Can a White Woman write about “Trap Feminist Theology”?

Whitney Alese
Published in
4 min readApr 13, 2022

Jennifer Buck is having a hell of a week. Her book Bad and Boujee: Toward a Trap Feminist Theology, released this past March, is being dragged through the proverbial mud across the internet.

But not without reason.

You see, Jennifer is White. Her book is about a subset of Black Feminism called Trap Feminism.

If you are confused, you are not alone.

Some of you may ask can a White woman talk about Black feminism? Sure. Talk. Yes. I don’t know what she is going to say outside of either amplifying Black Women or steal from them. But sure, she can talk about it.

Write a book on the topic? Well, as we have seen, no one is stopping her, including the publisher of of this book, Cascade Books, an imprint of Wipf and Stock. No one is stopping institutions like Yale Divinity School from awarding her $10,000 for this project, a grant that could have went to a Black woman writer. That is the problem, no one is stopping people like Jennifer Buck, a theologian who formerly wrote about Quakers, from writing about an experience that is very obviously not her own. No one is saying to folks like Jennifer “Just because you physically can write this book doesn’t mean that you should.”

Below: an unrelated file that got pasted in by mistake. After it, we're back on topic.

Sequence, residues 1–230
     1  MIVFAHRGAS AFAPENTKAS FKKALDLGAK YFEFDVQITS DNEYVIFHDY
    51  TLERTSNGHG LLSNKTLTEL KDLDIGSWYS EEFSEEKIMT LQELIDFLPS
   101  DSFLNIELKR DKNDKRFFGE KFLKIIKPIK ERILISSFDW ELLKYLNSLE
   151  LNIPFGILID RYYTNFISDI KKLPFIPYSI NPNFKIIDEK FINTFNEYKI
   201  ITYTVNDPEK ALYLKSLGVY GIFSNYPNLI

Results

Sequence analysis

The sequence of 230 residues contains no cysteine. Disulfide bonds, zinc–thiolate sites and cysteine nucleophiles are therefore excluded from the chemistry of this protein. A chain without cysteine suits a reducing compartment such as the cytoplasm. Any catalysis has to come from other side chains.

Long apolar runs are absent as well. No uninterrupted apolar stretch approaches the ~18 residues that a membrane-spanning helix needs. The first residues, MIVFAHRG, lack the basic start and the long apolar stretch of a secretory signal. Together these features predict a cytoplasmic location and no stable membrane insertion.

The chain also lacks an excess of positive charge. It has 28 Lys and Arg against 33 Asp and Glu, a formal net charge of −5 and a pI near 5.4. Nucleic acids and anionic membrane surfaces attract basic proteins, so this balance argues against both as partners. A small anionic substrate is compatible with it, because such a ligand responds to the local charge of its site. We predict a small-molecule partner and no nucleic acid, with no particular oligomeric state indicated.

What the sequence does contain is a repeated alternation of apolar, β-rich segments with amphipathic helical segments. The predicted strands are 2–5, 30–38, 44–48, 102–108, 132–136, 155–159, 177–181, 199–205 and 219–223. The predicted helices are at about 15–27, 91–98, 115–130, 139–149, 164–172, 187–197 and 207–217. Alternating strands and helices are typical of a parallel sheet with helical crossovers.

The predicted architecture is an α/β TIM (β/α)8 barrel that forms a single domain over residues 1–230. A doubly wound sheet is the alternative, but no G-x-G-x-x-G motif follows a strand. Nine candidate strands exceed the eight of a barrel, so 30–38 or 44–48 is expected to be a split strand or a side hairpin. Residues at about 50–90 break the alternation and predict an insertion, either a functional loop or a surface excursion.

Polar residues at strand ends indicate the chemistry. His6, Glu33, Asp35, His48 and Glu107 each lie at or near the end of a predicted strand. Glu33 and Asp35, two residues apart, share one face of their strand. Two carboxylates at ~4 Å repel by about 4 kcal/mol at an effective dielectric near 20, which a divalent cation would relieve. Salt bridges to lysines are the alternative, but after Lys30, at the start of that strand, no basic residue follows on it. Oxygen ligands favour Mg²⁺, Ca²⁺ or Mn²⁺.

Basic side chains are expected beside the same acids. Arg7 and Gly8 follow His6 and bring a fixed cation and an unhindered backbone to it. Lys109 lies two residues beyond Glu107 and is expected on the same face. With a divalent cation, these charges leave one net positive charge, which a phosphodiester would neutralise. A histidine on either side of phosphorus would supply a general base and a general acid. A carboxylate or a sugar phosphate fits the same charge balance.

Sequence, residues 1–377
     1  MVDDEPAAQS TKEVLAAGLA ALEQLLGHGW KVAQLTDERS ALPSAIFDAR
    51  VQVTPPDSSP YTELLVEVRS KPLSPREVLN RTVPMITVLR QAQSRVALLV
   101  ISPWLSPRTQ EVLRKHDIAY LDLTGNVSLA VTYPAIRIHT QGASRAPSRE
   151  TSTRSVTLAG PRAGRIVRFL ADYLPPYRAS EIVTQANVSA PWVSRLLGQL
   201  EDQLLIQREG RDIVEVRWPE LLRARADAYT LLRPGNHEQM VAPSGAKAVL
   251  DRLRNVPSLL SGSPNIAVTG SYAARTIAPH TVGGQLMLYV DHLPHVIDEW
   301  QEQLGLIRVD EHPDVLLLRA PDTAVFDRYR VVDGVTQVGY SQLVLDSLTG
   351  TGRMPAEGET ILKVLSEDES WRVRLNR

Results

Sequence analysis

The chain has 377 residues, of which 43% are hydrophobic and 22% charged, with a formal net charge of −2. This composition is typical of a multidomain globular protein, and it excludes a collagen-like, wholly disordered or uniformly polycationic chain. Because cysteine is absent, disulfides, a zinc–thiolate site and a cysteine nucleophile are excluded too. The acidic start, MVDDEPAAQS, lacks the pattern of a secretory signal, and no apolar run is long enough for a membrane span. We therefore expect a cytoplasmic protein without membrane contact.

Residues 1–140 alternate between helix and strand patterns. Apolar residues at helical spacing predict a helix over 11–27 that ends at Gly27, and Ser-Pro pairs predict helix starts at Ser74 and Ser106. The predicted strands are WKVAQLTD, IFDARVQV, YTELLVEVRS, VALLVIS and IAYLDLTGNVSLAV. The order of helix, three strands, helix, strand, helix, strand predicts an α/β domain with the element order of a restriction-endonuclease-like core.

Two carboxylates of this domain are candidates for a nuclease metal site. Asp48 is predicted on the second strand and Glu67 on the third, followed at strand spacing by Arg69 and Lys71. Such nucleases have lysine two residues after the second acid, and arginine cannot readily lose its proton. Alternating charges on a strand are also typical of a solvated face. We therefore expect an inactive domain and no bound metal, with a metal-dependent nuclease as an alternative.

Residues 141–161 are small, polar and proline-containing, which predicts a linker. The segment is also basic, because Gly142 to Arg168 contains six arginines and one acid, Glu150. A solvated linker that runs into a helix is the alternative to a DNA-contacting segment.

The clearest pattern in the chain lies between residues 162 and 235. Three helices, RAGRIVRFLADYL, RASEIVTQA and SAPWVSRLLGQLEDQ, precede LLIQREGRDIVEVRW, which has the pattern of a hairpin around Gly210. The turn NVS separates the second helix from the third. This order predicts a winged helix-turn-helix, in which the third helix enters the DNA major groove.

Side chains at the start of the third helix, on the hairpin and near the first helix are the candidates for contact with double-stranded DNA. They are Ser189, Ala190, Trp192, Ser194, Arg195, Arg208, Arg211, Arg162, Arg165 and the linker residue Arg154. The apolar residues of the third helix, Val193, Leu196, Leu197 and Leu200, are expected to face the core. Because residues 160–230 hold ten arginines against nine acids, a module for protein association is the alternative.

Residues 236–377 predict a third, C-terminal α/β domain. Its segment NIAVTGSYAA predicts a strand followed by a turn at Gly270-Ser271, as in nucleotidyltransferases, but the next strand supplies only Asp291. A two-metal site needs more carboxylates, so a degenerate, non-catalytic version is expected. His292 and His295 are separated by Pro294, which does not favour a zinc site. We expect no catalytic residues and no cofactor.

This is only further illustrated by the description of the book, which reads:

Whitney Alese
Writer for

Whitney Alese is a writer & podcaster, featured in WIRED Magazine (Sept 2020) & I-D Magazine (Dec. 2021), and NBC (Jan 2023). She is based in Philadelphia.